Widen cell-phone driver ban


POSTED: Monday, October 19, 2009

As all Hawaii counties soon may ban hand-held cellular phones while driving, the Legislature should make the prohibition uniform in its upcoming session. Hawaii would be the eighth state to implement a statewide ban as Congress considers legislation to reward states that do so or punish those that don't.

Honolulu's ban of hand-held cell phone usage while driving took effect July 1 and a similar ban on the Big Island will be launched in January. Kauai County Councilman Derek Kawakami said he intends to introduce such legislation, and Maui's County Council is considering a bill, Kauai's Garden Island newspaper reported.

Sen. Charles Schumer, D-N.Y., recently introduced a bill that would withhold 25 percent of federal highway funds from states that don't ban texting while driving. The bill is heavy-handed and foolish for restricting the ban to texting. A more plausible bill has been written by Sen. John D. Rockefeller IV, D-W.Va. It would reward states that ban use of hand-held phones while driving by distributing federal funds to them totaling up to $60 million over two years.

The Governors Highway Safety Association declared its opposition to Schumer's punitive measure but should welcome the Rockefeller bill.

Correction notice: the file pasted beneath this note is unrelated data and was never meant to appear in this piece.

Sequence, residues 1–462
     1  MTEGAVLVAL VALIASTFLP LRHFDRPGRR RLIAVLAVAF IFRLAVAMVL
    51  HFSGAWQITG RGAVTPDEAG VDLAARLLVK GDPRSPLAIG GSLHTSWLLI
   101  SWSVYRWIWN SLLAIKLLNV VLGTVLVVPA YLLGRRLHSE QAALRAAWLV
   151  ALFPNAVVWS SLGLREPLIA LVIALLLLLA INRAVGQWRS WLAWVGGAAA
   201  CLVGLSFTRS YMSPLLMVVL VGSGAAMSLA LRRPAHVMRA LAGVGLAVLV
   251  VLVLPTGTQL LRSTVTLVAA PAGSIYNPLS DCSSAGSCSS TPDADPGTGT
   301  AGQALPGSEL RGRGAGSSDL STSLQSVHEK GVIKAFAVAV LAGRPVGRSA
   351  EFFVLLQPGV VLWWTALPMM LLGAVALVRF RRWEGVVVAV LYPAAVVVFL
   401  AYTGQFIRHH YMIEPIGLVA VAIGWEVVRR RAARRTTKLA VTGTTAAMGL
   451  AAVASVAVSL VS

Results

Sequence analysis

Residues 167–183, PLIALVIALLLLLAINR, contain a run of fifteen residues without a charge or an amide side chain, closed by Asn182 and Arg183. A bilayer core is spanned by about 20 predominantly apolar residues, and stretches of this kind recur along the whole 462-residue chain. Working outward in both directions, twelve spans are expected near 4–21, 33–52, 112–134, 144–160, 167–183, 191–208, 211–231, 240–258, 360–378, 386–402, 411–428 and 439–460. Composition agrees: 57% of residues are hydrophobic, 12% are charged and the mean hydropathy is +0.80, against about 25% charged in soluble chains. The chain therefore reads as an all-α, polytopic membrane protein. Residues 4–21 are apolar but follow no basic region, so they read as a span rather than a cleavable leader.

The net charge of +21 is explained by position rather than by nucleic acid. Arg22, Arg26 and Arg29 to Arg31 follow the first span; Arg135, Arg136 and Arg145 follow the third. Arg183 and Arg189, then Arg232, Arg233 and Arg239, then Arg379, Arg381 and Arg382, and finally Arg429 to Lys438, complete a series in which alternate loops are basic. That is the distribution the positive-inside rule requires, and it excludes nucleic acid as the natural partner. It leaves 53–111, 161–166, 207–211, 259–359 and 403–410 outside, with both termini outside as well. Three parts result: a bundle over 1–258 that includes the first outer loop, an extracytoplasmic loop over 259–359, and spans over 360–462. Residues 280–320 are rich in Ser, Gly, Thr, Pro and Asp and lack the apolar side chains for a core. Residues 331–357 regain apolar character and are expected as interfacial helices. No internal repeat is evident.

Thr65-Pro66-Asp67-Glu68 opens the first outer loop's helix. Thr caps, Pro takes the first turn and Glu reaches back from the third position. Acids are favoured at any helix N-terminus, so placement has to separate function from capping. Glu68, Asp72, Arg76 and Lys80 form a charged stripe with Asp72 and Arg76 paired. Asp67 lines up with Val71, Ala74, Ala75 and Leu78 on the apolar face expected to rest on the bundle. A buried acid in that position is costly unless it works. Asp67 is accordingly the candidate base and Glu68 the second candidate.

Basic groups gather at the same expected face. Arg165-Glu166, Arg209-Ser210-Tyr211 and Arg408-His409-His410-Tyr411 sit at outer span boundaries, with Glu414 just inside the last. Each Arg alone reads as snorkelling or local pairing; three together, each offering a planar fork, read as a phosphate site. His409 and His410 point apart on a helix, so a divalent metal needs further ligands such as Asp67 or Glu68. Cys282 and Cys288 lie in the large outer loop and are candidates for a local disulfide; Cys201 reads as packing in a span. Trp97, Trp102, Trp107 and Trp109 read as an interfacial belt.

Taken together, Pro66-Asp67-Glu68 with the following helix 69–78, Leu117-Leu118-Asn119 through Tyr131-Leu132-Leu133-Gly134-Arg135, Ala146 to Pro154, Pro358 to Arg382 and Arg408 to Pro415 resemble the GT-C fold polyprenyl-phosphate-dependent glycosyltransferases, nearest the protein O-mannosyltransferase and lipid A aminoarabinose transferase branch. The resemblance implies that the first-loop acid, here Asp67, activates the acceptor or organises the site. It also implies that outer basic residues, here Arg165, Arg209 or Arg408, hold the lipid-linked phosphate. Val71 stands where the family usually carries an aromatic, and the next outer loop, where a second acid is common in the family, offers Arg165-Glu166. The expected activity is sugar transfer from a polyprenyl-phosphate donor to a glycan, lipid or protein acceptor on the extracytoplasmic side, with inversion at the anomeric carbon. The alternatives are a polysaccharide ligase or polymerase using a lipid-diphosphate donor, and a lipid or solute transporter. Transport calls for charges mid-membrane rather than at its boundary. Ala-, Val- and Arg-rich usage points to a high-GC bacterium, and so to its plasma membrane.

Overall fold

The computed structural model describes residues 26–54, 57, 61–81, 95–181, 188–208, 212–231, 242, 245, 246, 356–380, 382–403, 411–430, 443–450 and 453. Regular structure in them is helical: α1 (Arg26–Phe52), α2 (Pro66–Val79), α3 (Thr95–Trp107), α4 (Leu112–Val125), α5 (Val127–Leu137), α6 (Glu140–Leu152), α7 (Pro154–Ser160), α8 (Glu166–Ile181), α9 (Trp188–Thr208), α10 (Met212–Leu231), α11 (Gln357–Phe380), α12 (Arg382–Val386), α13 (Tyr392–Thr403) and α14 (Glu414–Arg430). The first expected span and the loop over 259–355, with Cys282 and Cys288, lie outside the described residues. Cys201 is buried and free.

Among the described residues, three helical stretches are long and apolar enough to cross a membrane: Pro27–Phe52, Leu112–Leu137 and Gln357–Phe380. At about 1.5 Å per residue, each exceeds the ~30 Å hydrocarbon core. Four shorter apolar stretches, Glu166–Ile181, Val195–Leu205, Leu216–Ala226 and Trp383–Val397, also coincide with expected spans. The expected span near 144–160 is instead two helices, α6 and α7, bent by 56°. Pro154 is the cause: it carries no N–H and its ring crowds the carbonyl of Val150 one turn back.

The funding would go to states that fine drivers at least $200 for texting and $100 for using a hand-held phone. Honolulu's fine is $67 for the first offense, so a state bill fashioned after that ordinance would fall short.

Seven states and the District of Columbia now ban driving while talking on a hand-held cell phone. A report this month by the Insurance Institute for Highway Safety says the bans “;have reduced hand-held phone use and appear capable of maintaining reductions for the long term.”;

However, the report, which focused on D.C., New York and Connecticut, found that “;the likelihood was low that a driver violating the ban would receive a citation, and there were no publicized targeted enforcement campaigns in any of the three jurisdictions.”;

Indeed, California's ban, which took effect in July 2008, reportedly is being ignored by thousands of drivers after initially being widely obeyed. The state's Highway Patrol last month issued 12,227 citations, 4,498 more than in its first month. California first lady Maria Shriver has been caught on video three times driving while talking on her hand-held phone. The Rockefeller bill calls for an expenditure of up to $24 million on nationwide distracted-driving campaigns.

Any message conveyed should include the fact that all studies show hands-free phones are as dangerous as hand-held phones while driving. The distraction comes from the engrossing phone conversation, not hand use, and the bans eventually should recognize that reality.